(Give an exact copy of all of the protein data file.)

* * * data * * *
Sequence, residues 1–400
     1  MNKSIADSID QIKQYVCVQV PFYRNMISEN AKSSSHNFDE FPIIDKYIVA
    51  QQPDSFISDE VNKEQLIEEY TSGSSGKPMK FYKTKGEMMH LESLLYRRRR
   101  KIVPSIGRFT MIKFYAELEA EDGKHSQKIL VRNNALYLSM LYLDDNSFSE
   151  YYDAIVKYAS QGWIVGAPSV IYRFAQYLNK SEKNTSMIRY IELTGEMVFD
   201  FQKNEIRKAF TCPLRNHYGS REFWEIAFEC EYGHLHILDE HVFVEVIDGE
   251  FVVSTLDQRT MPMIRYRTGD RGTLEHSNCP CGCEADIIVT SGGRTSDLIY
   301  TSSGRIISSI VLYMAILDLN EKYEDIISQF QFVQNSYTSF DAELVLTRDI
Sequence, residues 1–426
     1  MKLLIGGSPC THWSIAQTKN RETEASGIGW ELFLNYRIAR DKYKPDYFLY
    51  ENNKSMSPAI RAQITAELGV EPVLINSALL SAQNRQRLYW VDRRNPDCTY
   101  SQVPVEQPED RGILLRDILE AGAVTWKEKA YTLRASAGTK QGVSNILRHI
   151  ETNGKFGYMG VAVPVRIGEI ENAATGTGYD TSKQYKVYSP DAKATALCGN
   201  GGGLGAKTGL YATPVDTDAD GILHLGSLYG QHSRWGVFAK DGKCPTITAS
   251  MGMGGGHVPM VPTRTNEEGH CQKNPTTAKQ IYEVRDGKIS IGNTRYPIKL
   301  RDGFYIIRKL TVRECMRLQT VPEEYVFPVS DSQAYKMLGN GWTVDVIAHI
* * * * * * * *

Sequence, residues 1–400
     1  MNKSIADSID QIKQYVCVQV PFYRNMISEN AKSSSHNFDE FPIIDKYIVA
    51  QQPDSFISDE VNKEQLIEEY TSGSSGKPMK FYKTKGEMMH LESLLYRRRR
   101  KIVPSIGRFT MIKFYAELEA EDGKHSQKIL VRNNALYLSM LYLDDNSFSE
   151  YYDAIVKYAS QGWIVGAPSV IYRFAQYLNK SEKNTSMIRY IELTGEMVFD
   201  FQKNEIRKAF TCPLRNHYGS REFWEIAFEC EYGHLHILDE HVFVEVIDGE
   251  FVVSTLDQRT MPMIRYRTGD RGTLEHSNCP CGCEADIIVT SGGRTSDLIY
   301  TSSGRIISSI VLYMAILDLN EKYEDIISQF QFVQNSYTSF DAELVLTRDI
Sequence, residues 1–426
     1  MKLLIGGSPC THWSIAQTKN RETEASGIGW ELFLNYRIAR DKYKPDYFLY
    51  ENNKSMSPAI RAQITAELGV EPVLINSALL SAQNRQRLYW VDRRNPDCTY
   101  SQVPVEQPED RGILLRDILE AGAVTWKEKA YTLRASAGTK QGVSNILRHI
   151  ETNGKFGYMG VAVPVRIGEI ENAATGTGYD TSKQYKVYSP DAKATALCGN
   201  GGGLGAKTGL YATPVDTDAD GILHLGSLYG QHSRWGVFAK DGKCPTITAS
   251  MGMGGGHVPM VPTRTNEEGH CQKNPTTAKQ IYEVRDGKIS IGNTRYPIKL
   301  RDGFYIIRKL TVRECMRLQT VPEEYVFPVS DSQAYKMLGN GWTVDVIAHI